Chavez loses cancer battle, dies age 58

| 05/03/2013

chavez.jpg(CNS): Venezuela's President Hugo Chavez has died at the age of 58. Chavez had been seriously ill with cancer for more than a year, undergoing several operations in Cuba, but returned home to Venezuela last month. Nicolas Maduro, his vice president, made the announcement on Tuesday, flanked by political and military leaders. The Venezuelan leader had suffered a severe respiratory infection just before his death, officials in the country stated. In the wake of the president’s death Maduro also announced that the government had expelled two US diplomats from the country for spying on Venezuela's military.

In an emotional television address Tuesday evening, Maduro relayed the “tragic information that … Comandante President Hugo Chavez died today at 4:25 pm." He spoke of a plot against Venezuela, suggesting that Chavez' cancer, first diagnosed in 2011, was a result of foul play by Venezuela's enemies. The US rejected the accusations as "absurd" but Madura insisted that a scientific commission could one day investigate whether Chavez' illness was brought about by an enemy attack.

Struggling to hold back tears, Maduro called on the nation to close ranks after their leader's demise. He said the government had deployed the armed forces and police nationwide "to accompany and protect our people and guarantee the peace".

A statement by the military said it would protect the sovereignty, integrity and security of the country. It would remain loyal to the vice-president and to parliament, it added, urging people to remain calm.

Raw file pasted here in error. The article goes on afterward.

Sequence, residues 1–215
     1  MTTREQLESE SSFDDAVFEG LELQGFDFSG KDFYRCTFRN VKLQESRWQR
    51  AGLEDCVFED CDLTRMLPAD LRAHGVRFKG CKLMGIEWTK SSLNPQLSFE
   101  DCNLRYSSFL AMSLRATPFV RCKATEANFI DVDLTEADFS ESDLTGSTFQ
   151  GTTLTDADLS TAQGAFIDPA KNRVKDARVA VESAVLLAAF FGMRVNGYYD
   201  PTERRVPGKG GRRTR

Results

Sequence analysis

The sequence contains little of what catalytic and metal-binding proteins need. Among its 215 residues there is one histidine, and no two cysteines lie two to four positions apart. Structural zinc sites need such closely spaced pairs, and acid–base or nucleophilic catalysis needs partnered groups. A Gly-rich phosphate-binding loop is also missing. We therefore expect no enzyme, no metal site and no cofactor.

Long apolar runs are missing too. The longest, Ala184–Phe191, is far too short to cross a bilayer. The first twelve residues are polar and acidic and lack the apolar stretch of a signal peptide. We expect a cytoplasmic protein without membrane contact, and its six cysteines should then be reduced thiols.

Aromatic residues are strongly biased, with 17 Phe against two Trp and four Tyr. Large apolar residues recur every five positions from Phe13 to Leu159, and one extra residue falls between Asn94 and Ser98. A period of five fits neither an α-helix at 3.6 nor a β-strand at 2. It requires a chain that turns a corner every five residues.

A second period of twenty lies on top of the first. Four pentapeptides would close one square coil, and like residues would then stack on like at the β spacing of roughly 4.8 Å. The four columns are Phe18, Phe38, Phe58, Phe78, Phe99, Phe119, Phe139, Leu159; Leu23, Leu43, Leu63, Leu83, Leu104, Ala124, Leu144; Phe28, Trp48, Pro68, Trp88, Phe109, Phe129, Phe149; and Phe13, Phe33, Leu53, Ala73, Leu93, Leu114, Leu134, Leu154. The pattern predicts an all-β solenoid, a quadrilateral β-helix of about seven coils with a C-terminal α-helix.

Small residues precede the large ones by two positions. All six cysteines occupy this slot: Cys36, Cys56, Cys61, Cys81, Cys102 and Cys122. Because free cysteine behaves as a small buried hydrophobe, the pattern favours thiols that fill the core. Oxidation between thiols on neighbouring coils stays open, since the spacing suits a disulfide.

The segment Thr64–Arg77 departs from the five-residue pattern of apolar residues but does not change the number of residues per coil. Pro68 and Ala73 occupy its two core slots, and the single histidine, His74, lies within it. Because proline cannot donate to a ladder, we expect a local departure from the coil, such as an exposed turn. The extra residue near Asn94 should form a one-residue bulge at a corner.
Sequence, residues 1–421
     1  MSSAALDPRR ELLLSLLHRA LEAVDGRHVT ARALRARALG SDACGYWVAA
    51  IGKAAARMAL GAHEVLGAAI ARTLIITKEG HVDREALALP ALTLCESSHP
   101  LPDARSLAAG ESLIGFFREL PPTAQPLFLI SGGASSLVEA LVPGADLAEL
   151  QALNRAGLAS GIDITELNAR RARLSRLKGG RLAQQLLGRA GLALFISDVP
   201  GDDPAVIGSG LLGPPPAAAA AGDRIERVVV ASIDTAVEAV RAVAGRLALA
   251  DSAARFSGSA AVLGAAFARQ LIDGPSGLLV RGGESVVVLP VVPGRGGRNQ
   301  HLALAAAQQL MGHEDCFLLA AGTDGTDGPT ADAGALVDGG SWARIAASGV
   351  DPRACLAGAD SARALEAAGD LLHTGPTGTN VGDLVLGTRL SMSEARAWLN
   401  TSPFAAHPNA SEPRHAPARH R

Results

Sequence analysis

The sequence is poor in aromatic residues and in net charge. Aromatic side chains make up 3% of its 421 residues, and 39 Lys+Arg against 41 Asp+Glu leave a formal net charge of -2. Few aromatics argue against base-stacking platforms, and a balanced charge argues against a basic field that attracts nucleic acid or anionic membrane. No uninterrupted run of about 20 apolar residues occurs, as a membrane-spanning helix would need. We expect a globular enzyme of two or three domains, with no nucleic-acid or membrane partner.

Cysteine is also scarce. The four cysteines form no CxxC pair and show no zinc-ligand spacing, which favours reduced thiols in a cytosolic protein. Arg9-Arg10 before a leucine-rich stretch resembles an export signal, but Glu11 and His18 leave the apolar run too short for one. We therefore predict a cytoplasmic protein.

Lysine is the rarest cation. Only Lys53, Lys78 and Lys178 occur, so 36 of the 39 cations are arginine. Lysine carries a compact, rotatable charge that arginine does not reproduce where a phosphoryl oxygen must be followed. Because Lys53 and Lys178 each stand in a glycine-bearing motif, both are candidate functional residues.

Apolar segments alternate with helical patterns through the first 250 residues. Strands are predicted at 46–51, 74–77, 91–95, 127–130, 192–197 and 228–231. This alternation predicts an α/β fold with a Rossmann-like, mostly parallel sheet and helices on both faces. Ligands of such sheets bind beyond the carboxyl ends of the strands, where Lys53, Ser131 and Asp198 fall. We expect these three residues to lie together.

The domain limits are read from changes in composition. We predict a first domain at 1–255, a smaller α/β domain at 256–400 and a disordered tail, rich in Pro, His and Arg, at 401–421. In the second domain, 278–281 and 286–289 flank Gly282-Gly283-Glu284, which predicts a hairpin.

Under the constitution, the head of Venezuela's Congress, Diosdado Cabello, will assume the interim presidency before an election is held.

Analysts say Chavez' death could alter the political balance in Latin America, dealing a blow to leftist states while favouring more centrist countries. There could also be an economic impact, given that Venezuela sells oil at below market prices to some neighbouring countries, especially in the Caribbean.

One of the most visible, vocal and controversial leaders in Latin America, Hugo Chavez won the presidency in 1998 and had most recently won another six-year presidential term in October 2012.

Chavez was renowned for his flamboyant public speaking style, which he has put to use in his weekly live TV programme, Alo Presidente (Hello President), in which he talked about his political ideas, interviewed guests and sang and danced.

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  1. Anonymous says:

    Interesting that this story re-visits the assassination theory but other reports are suggesting that the cause of death was actually reaction to the aggressive chemotherapy employed by doctors in Cuba during recent months in a desperate (futile?) effort to keep Chavez alive. Whatever, he may have transformed the lives of poorer Venezuelans but he also squandered billions on the military. His air force fly state of the art Sukhoi fighters (and was negotiating a further purchase) yet his hospitals couldn't provide the cancer treatment he needed – doesn't that tell you something?

    • Whodatis says:

      While I see the point you are trying to make, you appear to ignore the reality of the world today.

      The pressures of the western ("democratic") world on any leader / entity / country that refuses to bow down to their demands and expectations dictates the need for a strong and well armed defence system.